It’s kind of a trade-off. I’m always a tiny bit disappointed when I finish a good book, but I’m excited, in equal measure, to begin a new one. Every page that I turn in my journal gives me a wisp of disappointment at the lack of accomplishment and the too-swift passage of time. Yet every new page is a fresh start, with new promise and possibility. Disappointment at not being able to travel means, at the same time, no guilt and turmoil over leaving the dogs at the kennel. Disappointment over not being able to eat out is accompanied by the comfortable pleasure of enjoying my own cooking at home, with book in hand, and three dogs waiting for leftovers.

Disappointments are just little bumps along the road that remind me to take notice. They aren’t devastating; they don’t lead to despair. They are part of the juggling act in my life, where there are many good things that cannot all be acted upon at once. That kind of disappointment, I can live with!

Despair

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Last week, I looked at the next topic to write about, from the list I compiled from the table of contents of David Whyte’s book, Consolations: Despair. Oh, dear. What to say about despair? How could I relate to that?

Of course, I know what the word means. I have probably experienced it at one time or another, in my long life. I recall times of great upheaval, others of tremendous sadness and loss. Despair, though, was different somehow. Though it seemed like something I had a personal understanding of, I didn’t quite recall the feeling. I couldn’t get a handle on how to write about it.

Instead, I added another topic. “Deliriously Happy” was still roughly following the alphabetical order of the list, and was easier to expound on. It wasn’t the first time I’ve altered the format, and I’m still very close to the beginning of the alphabet! I wrote two essays on the topic of “Besieged.” I added “Christmas Past” and “Cancer” that were not a part of the subjects Whyte listed, and then I wrote two essays on “Crisis.” So, not feeling in the mood to write about despair, I did it again. It’s my blog and my list (complements of David Whyte), so I guess I can adjust it when the mood strikes.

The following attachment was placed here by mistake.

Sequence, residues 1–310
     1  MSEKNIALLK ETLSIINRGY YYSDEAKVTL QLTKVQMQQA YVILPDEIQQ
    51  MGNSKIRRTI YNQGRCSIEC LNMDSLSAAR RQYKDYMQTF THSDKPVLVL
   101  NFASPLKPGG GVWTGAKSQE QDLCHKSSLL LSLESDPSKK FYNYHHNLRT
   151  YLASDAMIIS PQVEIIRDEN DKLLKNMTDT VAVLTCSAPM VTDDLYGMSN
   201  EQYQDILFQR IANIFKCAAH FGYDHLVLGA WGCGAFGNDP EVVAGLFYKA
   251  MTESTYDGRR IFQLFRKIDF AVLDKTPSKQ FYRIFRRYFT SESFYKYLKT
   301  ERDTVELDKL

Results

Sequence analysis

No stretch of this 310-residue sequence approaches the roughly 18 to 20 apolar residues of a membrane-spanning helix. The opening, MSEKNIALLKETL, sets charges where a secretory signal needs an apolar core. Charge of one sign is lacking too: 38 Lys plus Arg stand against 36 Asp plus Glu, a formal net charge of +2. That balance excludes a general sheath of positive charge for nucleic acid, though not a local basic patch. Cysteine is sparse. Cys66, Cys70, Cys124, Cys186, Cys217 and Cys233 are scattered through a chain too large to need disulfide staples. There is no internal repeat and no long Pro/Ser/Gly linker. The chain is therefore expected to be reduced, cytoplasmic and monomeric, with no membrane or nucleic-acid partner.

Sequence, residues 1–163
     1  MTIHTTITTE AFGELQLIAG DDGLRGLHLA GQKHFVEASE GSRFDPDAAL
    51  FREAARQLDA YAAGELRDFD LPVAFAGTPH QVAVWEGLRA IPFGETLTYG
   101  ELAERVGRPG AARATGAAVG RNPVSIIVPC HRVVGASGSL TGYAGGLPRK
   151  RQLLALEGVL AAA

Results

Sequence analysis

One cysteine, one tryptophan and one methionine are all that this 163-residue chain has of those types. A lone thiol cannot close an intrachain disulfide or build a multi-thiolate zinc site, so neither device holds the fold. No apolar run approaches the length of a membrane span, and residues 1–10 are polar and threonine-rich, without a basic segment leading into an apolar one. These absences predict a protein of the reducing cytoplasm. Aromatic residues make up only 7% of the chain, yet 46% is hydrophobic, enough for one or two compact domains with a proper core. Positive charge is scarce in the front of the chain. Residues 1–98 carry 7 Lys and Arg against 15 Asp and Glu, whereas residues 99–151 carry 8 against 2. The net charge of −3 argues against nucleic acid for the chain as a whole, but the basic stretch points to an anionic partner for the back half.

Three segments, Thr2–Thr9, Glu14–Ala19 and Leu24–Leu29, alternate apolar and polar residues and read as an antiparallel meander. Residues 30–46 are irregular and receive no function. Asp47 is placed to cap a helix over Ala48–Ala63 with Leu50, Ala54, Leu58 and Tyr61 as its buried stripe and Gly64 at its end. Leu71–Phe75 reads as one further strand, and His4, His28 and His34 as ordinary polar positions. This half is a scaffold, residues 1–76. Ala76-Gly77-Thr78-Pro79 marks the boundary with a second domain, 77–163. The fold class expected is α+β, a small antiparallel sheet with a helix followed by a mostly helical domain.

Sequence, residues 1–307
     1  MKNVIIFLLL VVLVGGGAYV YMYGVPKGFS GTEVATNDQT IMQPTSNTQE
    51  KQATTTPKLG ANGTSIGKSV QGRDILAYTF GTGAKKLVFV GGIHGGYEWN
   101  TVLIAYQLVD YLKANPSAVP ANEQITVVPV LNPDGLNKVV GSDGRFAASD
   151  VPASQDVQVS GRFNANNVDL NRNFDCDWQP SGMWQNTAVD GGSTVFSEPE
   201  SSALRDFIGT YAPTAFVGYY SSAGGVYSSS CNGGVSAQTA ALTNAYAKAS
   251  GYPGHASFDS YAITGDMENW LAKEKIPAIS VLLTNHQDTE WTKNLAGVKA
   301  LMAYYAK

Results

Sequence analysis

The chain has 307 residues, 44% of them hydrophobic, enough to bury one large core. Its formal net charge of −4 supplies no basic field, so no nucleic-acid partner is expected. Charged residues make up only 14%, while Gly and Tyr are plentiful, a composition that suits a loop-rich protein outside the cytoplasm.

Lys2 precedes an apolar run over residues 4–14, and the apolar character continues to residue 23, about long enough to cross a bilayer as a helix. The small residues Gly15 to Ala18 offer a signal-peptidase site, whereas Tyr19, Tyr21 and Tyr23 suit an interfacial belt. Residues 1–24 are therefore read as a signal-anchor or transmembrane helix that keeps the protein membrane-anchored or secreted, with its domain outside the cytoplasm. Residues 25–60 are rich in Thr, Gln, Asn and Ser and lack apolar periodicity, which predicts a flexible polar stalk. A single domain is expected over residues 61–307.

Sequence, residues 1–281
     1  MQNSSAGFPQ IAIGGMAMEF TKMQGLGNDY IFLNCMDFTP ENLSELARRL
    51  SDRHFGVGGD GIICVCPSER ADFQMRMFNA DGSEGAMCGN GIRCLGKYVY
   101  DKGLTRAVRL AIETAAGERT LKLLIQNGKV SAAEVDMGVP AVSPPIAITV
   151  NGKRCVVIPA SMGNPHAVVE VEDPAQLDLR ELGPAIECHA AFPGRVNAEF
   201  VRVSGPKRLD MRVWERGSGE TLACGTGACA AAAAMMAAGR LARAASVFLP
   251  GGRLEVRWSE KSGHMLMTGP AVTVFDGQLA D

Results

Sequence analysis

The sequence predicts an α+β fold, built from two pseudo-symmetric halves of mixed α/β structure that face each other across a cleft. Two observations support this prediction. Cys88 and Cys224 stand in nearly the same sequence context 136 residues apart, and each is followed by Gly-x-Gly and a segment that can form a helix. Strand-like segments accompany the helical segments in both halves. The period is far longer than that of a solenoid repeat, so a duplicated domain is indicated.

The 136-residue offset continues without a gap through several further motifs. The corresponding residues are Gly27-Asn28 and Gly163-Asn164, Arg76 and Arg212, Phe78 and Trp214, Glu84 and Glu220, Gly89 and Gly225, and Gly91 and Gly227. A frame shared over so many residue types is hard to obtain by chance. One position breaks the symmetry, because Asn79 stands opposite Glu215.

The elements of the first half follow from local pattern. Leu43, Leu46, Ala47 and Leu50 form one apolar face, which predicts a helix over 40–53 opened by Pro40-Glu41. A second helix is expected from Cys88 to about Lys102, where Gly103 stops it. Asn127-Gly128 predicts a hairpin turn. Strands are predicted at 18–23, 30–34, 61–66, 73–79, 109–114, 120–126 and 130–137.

It is easy to write about being happy, when happiness is all around, and I’m feeling it in my bones. I didn’t know exactly where it had come from; I noted several small and unrelated events that led up to it. I compared it to a great astronomical event, caused by all the stars and planets quietly and slowly converging into just the right formation. Well.

A few days later, I woke up at two o’clock in the morning. I noted the little dogs, snuggled in on either side of me, as usual. I looked out over the room, dimly illuminated by the moon. Nothing was out of the ordinary; nothing was wrong. And yet, like a damp and musty, heavy woolen blanket, a great feeling of sadness and isolation washed over me. Ah, yes. Despair.

I was smart enough to analyze, right then, how the feeling differed from sadness. In my life, even extraordinary sadness brought on by immeasurable loss was tempered by the knowledge that I was not alone in my misery. When my sister died unexpectedly just a week before my mother died of cancer, and less than two years after my little brother died, I had other siblings around me, sharing my grief. We shored each other up, and helped each other through. In despair, I think, you are all alone. Or, at least, you feel all alone.

Sometimes, circumstances or feelings of depression conspire to make you believe you’re isolated, whether that is actually true or not. I often feel like my frustrations are my own fault. Sharing them seems like a sign of weakness, and/or a cry for help. I’m rarely looking for help. It is keeping things to myself, though, that leads to feelings of despair.

So, what went wrong? How did I fall from “deliriously happy” to “despair?” I don’t know, really. Nothing big, certainly. Minor annoyances, small disappointments, little vexations. Much can likely be attributed to normal fluctuations in mood. When I’m laughing hysterically one day, I kind of know I’ll be crying uncontrollably before long.

How to fix it? First, I got out of bed and wrote a long rant. We won’t have a dentist here until spring. At least until spring. My tooth, that I’ve been trying to get repaired for almost two years, continues to crumble, leaving sharp edges that scratch the inside of my cheek. Getting it fixed before spring means an airplane trip to the mainland and the use of a car there, all adding to the cost of the necessary crown.